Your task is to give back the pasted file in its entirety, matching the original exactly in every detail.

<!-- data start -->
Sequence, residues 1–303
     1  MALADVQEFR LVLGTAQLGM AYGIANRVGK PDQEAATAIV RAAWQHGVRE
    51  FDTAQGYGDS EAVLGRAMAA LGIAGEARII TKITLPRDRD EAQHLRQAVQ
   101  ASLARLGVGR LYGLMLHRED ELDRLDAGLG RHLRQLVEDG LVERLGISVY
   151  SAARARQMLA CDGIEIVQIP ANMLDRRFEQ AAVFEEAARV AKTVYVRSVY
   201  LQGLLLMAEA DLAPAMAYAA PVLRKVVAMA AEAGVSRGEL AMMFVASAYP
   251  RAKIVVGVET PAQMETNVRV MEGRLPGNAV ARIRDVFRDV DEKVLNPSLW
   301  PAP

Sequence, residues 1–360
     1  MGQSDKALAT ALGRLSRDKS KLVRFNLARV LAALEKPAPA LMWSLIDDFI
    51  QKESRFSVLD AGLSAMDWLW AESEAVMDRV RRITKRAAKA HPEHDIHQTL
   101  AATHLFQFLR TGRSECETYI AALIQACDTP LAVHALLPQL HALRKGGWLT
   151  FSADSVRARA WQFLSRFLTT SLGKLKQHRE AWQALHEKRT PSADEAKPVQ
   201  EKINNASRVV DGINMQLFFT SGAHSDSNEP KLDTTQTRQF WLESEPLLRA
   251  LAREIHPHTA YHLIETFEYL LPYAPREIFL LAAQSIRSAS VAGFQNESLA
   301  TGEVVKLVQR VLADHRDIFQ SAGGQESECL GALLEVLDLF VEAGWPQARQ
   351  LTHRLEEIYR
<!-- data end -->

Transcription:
Sequence, residues 1–303
     1  MALADVQEFR LVLGTAQLGM AYGIANRVGK PDQEAATAIV RAAWQHGVRE
    51  FDTAQGYGDS EAVLGRAMAA LGIAGEARII TKITLPRDRD EAQHLRQAVQ
   101  ASLARLGVGR LYGLMLHRED ELDRLDAGLG RHLRQLVEDG LVERLGISVY
   151  SAARARQMLA CDGIEIVQIP ANMLDRRFEQ AAVFEEAARV AKTVYVRSVY
   201  LQGLLLMAEA DLAPAMAYAA PVLRKVVAMA AEAGVSRGEL AMMFVASAYP
   251  RAKIVVGVET PAQMETNVRV MEGRLPGNAV ARIRDVFRDV DEKVLNPSLW
   301  PAP

Sequence, residues 1–360
     1  MGQSDKALAT ALGRLSRDKS KLVRFNLARV LAALEKPAPA LMWSLIDDFI
    51  QKESRFSVLD AGLSAMDWLW AESEAVMDRV RRITKRAAKA HPEHDIHQTL
   101  AATHLFQFLR TGRSECETYI AALIQACDTP LAVHALLPQL HALRKGGWLT
   151  FSADSVRARA WQFLSRFLTT SLGKLKQHRE AWQALHEKRT PSADEAKPVQ
   201  EKINNASRVV DGINMQLFFT SGAHSDSNEP KLDTTQTRQF WLESEPLLRA
   251  LAREIHPHTA YHLIETFEYL LPYAPREIFL LAAQSIRSAS VAGFQNESLA
   301  TGEVVKLVQR VLADHRDIFQ SAGGQESECL GALLEVLDLF VEAGWPQARQ
   351  LTHRLEEIYR